Banking on the Rural Poor?: Critical Insights and Policy Questions on Foreign Aid and Agrarian Reform in the Philippines
AbstractForeign aid for agrarian reform funding—for example, Canadian aid—has claimed to address rural poverty, agricultural stagnation, and food security. This paper examines agrarian-related overseas development assistance (ODA) to the Philippines to reveal that such aid has had its ebb and flow—one that follows the internal policies and priorities of development agencies, and the development policies, strategies, and sociopolitical and economic context of its borrowing member countries. Such type of ODA is also contingent on other factors such as global socioeconomic and political environment; global trends in development financing; and pressures from powerful countries, domestic elites, social movements and civil society, or specific political conjuncture. As a result, short-time considerations override a long-term approach that would address rural poverty and land inequality.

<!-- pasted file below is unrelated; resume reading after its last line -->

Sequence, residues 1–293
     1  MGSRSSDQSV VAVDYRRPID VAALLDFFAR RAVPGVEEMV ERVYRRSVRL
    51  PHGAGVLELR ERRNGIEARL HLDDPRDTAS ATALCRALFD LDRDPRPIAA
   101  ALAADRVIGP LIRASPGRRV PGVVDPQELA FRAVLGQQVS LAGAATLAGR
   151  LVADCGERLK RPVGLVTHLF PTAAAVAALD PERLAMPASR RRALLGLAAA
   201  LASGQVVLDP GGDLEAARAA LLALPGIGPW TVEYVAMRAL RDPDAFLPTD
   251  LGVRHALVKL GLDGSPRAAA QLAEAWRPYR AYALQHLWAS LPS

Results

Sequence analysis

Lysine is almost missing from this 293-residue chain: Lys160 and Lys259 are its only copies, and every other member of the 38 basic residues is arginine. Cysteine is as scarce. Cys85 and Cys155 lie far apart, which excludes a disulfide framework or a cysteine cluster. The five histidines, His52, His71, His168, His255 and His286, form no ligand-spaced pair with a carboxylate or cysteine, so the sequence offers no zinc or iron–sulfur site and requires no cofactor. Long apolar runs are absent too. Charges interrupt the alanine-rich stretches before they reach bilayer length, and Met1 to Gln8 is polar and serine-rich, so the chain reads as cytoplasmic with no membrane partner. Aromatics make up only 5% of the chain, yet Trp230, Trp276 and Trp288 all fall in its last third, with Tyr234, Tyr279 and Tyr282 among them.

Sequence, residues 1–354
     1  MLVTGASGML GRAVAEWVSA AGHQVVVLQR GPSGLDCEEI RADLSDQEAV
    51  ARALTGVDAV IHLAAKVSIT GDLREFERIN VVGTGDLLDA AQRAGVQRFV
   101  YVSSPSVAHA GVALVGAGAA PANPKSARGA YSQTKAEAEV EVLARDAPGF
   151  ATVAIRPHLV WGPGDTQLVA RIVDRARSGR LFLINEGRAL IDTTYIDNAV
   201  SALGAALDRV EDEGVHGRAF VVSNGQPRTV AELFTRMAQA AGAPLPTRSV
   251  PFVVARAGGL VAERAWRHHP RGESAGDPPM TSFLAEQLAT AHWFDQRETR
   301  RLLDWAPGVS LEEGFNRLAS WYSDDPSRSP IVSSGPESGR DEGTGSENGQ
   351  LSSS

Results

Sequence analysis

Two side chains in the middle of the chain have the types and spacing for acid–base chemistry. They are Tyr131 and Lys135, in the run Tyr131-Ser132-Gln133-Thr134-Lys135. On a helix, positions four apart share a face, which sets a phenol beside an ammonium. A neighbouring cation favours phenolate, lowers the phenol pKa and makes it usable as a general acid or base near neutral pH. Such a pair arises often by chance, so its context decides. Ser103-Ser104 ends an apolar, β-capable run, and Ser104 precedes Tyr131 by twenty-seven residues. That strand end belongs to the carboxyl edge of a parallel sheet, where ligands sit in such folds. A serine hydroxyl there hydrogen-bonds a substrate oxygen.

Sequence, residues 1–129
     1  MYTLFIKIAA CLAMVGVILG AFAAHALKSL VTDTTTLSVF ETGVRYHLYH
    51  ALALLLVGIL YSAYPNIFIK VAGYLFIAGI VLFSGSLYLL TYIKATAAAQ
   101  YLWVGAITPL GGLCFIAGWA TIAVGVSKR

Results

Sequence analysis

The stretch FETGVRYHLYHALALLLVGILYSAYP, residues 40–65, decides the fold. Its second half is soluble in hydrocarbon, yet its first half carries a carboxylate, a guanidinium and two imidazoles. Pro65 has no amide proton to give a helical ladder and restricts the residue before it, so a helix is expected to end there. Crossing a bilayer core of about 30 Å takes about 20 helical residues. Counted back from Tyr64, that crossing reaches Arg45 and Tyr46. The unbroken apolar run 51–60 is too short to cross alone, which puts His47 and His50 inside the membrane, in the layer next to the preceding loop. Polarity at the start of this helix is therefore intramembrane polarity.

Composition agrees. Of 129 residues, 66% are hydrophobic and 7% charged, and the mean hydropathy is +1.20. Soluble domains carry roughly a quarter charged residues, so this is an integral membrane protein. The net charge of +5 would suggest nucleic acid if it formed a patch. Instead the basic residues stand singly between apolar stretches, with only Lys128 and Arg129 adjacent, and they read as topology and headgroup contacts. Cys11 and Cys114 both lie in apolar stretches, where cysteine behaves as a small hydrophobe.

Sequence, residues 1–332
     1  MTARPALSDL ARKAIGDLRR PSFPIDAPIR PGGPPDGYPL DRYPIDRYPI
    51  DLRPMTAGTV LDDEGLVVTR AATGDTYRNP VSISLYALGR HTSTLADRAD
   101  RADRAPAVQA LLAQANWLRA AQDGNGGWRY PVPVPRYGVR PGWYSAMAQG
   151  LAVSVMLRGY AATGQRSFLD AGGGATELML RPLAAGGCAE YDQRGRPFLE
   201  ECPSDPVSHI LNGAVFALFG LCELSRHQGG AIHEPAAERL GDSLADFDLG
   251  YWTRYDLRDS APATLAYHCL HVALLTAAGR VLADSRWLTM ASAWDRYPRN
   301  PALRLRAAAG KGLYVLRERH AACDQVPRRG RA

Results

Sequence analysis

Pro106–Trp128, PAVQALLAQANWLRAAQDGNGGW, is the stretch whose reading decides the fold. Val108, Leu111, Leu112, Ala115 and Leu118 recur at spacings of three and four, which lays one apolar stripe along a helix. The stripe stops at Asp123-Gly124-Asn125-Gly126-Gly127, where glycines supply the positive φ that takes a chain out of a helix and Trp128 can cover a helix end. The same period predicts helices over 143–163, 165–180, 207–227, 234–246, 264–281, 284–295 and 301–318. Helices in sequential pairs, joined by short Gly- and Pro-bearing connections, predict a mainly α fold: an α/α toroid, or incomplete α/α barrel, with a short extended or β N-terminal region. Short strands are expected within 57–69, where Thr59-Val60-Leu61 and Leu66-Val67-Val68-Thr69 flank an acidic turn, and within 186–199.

international assistance; land reform; CARP; rural development
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